Andy Murray says 'no' to Dubai
Scot will not be returning for tennis tournament Discuss this article
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‘Championship point, Federer serves into Murray’s forehand. The return looks too high… it is too high. Roger Federer gets his fifth Dubai title’. Those words are from Dubai Eye’s commentary of the Dubai Duty Free Tennis Championships final earlier this year. But we won’t be hearing the same in 2013. Not because Murray will be winning, but because he won’t be attending.
Less than two weeks after Murray committed to playing in Abu Dhabi in December, he has said no to Dubai. Why? It’s somewhere he has tremendous support, is fairly easy to travel to and a competition he is more than capable of winning. But it’s what comes after Dubai that is the problem. The Indian Wells Masters in California is an ATP 1,000 Masters event; Dubai is a 500. You’d get more points for just reaching the final of a Masters event than winning in Dubai.
Since getting his first Grand Slam at the US Open, Murray now has his eyes on the world number one spot. To do that, he needs to win the 1,000-pointers – and last year, Murray crashed after Dubai. Sadly for us, his success this year means we’ve lost him for next year.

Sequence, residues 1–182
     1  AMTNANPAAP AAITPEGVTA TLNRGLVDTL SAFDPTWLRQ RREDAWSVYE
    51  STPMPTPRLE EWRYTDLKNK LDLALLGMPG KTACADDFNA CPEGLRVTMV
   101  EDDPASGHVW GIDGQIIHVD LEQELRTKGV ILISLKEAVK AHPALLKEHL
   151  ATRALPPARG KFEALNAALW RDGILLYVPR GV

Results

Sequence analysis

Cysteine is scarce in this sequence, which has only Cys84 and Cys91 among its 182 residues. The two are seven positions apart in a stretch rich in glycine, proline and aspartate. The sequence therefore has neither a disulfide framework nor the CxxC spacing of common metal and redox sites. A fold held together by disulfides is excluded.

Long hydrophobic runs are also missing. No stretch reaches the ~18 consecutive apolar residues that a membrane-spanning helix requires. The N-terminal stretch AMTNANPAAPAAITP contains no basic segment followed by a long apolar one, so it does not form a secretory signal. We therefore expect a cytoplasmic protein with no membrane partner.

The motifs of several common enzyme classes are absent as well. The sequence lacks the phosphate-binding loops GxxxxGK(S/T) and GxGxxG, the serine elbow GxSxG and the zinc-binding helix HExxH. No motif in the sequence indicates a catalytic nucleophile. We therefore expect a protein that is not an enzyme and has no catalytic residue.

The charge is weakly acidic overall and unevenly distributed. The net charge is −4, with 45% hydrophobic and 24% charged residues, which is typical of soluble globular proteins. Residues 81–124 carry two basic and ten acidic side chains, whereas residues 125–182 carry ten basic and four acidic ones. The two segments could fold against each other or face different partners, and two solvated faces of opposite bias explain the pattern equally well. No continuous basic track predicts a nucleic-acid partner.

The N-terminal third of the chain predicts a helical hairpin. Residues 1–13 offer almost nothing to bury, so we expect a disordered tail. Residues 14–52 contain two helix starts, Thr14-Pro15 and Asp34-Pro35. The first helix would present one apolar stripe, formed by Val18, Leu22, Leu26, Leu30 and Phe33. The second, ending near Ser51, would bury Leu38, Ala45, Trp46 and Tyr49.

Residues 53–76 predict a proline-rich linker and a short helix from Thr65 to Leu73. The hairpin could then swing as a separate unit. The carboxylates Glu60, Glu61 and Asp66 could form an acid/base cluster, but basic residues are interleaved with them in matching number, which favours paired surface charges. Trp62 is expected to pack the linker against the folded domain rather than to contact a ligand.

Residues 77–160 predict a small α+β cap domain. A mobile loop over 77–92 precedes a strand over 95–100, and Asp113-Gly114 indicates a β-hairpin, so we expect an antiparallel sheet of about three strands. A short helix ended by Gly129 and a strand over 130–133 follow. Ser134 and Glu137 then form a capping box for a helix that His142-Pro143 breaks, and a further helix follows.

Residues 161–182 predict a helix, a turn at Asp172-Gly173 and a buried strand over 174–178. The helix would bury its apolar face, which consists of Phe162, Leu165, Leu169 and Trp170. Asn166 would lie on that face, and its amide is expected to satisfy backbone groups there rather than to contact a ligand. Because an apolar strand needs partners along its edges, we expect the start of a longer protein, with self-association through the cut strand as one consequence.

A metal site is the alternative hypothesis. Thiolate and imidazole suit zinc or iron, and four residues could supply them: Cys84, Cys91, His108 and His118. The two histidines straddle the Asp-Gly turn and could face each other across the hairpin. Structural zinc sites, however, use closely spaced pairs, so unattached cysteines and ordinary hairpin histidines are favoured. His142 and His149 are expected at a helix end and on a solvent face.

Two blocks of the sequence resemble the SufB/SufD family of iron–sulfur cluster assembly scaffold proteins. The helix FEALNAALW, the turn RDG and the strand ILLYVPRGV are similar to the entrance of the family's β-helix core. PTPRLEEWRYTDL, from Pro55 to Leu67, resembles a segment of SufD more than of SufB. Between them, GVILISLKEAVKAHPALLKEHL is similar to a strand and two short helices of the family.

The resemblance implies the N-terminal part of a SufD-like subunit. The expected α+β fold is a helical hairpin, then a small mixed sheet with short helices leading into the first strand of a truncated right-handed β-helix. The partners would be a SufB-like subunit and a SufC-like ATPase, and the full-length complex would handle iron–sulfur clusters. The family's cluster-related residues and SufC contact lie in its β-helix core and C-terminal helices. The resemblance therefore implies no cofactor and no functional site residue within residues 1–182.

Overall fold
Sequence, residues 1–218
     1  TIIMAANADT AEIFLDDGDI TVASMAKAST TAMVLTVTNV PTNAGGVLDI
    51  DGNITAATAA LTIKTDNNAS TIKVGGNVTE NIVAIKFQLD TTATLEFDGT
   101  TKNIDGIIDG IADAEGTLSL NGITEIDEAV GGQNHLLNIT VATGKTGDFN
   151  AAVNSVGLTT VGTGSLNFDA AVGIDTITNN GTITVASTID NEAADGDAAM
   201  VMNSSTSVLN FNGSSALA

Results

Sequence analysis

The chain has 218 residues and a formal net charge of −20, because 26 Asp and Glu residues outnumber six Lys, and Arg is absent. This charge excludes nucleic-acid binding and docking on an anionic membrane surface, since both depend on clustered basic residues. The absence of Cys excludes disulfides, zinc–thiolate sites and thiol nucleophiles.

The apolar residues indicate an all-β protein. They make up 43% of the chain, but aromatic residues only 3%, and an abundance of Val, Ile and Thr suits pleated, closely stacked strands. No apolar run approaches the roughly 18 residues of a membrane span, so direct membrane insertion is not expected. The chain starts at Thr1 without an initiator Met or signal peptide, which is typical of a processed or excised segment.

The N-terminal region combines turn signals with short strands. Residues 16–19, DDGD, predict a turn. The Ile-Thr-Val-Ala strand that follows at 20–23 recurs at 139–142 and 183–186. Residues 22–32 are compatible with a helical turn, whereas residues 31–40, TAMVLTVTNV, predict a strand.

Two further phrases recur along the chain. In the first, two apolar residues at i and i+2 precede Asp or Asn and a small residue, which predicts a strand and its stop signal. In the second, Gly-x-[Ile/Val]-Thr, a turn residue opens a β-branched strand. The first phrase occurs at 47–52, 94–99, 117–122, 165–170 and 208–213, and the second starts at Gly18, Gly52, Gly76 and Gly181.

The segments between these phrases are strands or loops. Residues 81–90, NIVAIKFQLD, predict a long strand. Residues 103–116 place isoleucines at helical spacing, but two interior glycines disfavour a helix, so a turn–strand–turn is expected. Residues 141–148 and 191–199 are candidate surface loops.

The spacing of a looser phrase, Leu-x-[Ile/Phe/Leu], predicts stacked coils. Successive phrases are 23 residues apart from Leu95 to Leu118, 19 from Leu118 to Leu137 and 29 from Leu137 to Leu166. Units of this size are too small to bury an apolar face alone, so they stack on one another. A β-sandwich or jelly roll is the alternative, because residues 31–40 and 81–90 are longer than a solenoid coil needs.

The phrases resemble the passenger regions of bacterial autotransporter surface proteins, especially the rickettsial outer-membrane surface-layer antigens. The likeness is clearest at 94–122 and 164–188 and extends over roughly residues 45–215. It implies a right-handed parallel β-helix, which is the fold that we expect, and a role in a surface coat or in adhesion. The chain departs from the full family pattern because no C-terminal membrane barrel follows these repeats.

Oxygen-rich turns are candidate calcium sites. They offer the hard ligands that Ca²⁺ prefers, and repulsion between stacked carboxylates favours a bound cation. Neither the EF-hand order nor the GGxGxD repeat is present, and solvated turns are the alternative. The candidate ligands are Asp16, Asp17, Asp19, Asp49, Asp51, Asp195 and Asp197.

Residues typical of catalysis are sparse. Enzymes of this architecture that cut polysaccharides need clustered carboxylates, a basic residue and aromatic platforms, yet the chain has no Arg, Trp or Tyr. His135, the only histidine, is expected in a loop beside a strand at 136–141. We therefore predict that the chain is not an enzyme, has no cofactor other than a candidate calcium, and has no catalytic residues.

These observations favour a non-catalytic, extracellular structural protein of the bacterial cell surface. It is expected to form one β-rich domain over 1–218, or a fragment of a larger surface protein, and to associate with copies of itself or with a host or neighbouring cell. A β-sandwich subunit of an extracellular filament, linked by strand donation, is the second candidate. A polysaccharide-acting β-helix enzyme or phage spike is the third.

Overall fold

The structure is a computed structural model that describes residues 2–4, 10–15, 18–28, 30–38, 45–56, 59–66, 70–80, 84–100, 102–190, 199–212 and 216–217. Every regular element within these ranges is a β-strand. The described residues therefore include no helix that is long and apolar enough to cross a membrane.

One man who thinks Murray has a long way to go is Thomas Berdych, the current world number six. He’s tipping Djokovic to get back to the top, while Murray has a fight on his hands. Elsewhere, it’s been a big few
weeks for golf in the region. The HSBC Abu Dhabi Golf Championship has been announced, with world number one and two, Rory McIlroy and Tiger Woods, the first names on the team sheet for the tournament, which tees off on Thursday January 17. McIlroy may well be at that tournament as the second man to have won both money lists on either side of the Atlantic – Luke Donald did it last year. The Northern Irishman has explained he will be cutting the number of tournaments he plays in 2013, but Abu Dhabi is one he will be at. Certainly a must-see.
Tom Bushell hosts Sport On 7 on City 7 TV (Mon 8pm) and is Arabian Radio Network’s head of sport.
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